Krumschnabel 2004 Aquat Toxicol
|Krumschnabel G, Nawaz M (2004) Acute toxicity of hexavalent chromium in isolated teleost hepatocytes. Aquat Toxicol 70:159-167.|
Abstract: Acute toxic effects of hexavalent chromium [Cr(VI)], a widely recognised carcinogenic, mutagenic and redox active metal, were investigated in isolated hepatocytes of goldfish (Carassius auratus). Exposure to 250 microM Cr(VI) induced a significant decrease of cell viability from 94% in controls to 88% and 84% after 30 min and 4 h of exposure, respectively. Cr-toxicity was associated with a concentration-dependent stimulation of the formation of reactive oxygen species (ROS). As one potential source of ROS formation we identified the lysosomal Fe(2+) pool, since the ferric ion chelator deferoxamin inhibited ROS formation by approximately 15%. Lysosomal membranes remained nevertheless intact during Cr-exposure, as determined from neutral red retention in this compartment. Another significant source of ROS appear to be the mitochondria, where a presumably uncoupled increase of respiration by 20-30% was triggered by the metal. Inhibition of mitochondrial respiration by cyanide caused an approximately 40% decrease of Cr-induced ROS-formation, whereas the uncoupling agent carbonyl cyanide m-chlorophenyl hydrazine was without effect. Cellular Ca(2+) homeostasis was not disturbed by Cr(VI) and thus played no role in this scenario. Overall, our data show that Cr(VI) is acutely toxic to goldfish hepatocytes, and its toxicity is associated with the induction of radical stress, presumably involving lysosomes and mitochondria as important sources of ROS formation.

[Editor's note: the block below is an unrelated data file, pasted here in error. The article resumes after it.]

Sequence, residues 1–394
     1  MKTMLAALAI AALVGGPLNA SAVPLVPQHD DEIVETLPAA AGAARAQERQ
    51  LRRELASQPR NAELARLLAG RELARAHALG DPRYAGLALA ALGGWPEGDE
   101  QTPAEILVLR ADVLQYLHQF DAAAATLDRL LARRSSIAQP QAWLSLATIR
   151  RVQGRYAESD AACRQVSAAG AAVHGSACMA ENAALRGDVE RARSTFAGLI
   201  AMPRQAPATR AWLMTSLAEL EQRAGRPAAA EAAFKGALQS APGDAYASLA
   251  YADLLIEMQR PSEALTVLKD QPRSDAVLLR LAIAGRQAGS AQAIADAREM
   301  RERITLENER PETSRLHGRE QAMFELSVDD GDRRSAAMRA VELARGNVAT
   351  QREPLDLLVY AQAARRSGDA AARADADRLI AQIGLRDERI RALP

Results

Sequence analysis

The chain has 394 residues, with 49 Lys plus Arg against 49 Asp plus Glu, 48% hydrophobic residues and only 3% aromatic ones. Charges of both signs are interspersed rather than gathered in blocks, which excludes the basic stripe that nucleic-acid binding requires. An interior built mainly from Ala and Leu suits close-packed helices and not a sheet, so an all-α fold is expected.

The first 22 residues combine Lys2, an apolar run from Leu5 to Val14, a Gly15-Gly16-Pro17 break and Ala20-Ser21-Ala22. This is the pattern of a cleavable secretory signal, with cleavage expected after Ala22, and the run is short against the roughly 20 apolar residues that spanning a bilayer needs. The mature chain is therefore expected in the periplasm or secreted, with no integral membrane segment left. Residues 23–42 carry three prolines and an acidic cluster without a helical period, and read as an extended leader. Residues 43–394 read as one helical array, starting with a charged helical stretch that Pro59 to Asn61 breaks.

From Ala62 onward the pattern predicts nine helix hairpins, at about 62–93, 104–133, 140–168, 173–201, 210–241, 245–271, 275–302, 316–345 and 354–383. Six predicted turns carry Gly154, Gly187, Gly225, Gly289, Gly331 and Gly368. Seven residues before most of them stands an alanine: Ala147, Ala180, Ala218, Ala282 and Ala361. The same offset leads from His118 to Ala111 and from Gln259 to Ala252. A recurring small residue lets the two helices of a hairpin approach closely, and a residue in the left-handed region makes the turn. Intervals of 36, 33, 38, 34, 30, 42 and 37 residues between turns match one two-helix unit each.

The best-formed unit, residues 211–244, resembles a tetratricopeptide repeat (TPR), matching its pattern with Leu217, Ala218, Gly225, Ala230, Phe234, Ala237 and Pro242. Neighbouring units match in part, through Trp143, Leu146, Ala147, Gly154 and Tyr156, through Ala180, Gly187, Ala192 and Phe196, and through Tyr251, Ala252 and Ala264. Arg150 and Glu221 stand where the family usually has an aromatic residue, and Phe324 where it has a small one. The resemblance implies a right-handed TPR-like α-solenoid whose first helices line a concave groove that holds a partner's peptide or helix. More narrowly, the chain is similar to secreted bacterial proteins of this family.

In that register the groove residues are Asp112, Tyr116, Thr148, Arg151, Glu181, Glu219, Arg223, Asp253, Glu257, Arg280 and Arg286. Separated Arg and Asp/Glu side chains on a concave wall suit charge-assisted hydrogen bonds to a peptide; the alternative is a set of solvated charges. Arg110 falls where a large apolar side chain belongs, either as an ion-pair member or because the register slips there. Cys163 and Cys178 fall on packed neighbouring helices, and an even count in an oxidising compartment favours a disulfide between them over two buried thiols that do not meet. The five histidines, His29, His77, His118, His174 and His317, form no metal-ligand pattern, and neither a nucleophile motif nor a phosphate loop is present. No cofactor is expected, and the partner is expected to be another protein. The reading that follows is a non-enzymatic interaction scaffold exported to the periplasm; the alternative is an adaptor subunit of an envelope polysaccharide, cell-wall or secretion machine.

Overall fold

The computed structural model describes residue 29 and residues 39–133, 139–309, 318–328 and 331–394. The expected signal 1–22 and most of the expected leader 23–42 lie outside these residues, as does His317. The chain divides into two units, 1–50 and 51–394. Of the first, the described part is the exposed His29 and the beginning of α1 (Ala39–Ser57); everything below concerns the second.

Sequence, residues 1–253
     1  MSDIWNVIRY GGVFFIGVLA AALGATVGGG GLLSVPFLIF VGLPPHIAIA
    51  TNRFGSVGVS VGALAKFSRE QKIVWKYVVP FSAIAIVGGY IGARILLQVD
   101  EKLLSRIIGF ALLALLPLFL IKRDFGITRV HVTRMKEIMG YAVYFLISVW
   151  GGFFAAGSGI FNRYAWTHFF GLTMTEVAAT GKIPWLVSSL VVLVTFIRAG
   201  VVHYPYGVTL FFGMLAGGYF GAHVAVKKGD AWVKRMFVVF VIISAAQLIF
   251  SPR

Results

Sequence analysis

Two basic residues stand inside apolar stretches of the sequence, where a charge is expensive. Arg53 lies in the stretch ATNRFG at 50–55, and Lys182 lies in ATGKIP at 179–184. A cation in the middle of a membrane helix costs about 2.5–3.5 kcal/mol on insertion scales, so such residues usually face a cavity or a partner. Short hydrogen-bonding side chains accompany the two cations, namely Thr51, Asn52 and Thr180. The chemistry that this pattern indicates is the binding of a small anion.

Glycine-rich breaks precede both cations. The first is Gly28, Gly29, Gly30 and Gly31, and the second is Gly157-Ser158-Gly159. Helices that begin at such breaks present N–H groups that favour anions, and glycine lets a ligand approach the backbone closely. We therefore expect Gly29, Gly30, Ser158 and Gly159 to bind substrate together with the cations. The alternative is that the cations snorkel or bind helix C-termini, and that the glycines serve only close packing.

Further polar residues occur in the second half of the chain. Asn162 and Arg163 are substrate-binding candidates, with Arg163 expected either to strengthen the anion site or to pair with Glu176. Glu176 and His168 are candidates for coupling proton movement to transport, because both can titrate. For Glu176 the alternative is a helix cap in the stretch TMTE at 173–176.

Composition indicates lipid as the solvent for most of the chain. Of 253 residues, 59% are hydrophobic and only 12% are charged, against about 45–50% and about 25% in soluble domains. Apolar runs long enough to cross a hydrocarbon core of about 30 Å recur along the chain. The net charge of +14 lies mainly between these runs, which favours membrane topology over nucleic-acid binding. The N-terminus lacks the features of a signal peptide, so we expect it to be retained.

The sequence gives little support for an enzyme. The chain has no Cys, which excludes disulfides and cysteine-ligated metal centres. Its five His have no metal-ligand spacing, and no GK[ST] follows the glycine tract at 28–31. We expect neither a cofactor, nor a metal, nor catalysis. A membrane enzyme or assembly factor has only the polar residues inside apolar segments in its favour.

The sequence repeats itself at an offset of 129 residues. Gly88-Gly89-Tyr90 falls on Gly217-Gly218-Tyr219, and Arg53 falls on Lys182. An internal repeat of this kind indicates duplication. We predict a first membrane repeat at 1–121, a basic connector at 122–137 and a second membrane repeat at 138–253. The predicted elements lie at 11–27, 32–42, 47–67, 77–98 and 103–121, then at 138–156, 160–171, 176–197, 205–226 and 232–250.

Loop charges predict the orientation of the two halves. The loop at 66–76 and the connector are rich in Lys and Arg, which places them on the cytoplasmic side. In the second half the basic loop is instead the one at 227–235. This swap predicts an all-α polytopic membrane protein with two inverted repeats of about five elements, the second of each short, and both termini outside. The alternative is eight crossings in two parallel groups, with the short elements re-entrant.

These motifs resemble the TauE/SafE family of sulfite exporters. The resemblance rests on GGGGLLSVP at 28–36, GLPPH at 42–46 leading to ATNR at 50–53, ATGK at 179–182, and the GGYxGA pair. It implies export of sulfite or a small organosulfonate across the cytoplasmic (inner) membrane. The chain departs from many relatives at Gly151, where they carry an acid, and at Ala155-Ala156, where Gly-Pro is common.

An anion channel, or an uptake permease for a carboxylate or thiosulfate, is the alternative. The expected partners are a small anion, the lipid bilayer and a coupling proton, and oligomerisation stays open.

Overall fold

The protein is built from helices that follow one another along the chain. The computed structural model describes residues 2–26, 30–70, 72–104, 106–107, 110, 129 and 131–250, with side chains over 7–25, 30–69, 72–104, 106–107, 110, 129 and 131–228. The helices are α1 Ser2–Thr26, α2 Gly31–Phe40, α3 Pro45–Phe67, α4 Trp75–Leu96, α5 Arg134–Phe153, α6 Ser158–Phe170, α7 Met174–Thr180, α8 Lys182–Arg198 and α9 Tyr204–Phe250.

• Keywords: chromium (VI), goldfish, hepatocyte, reactive oxygen species, calcium, lysosomes, primary hepatocytes
• O2k-Network Lab: AT Innsbruck Oroboros
Labels: MiParea: Respiration, Pharmacology;toxicology
Organism: Fishes Tissue;cell: Liver Preparation: Intact cells
Coupling state: ROUTINE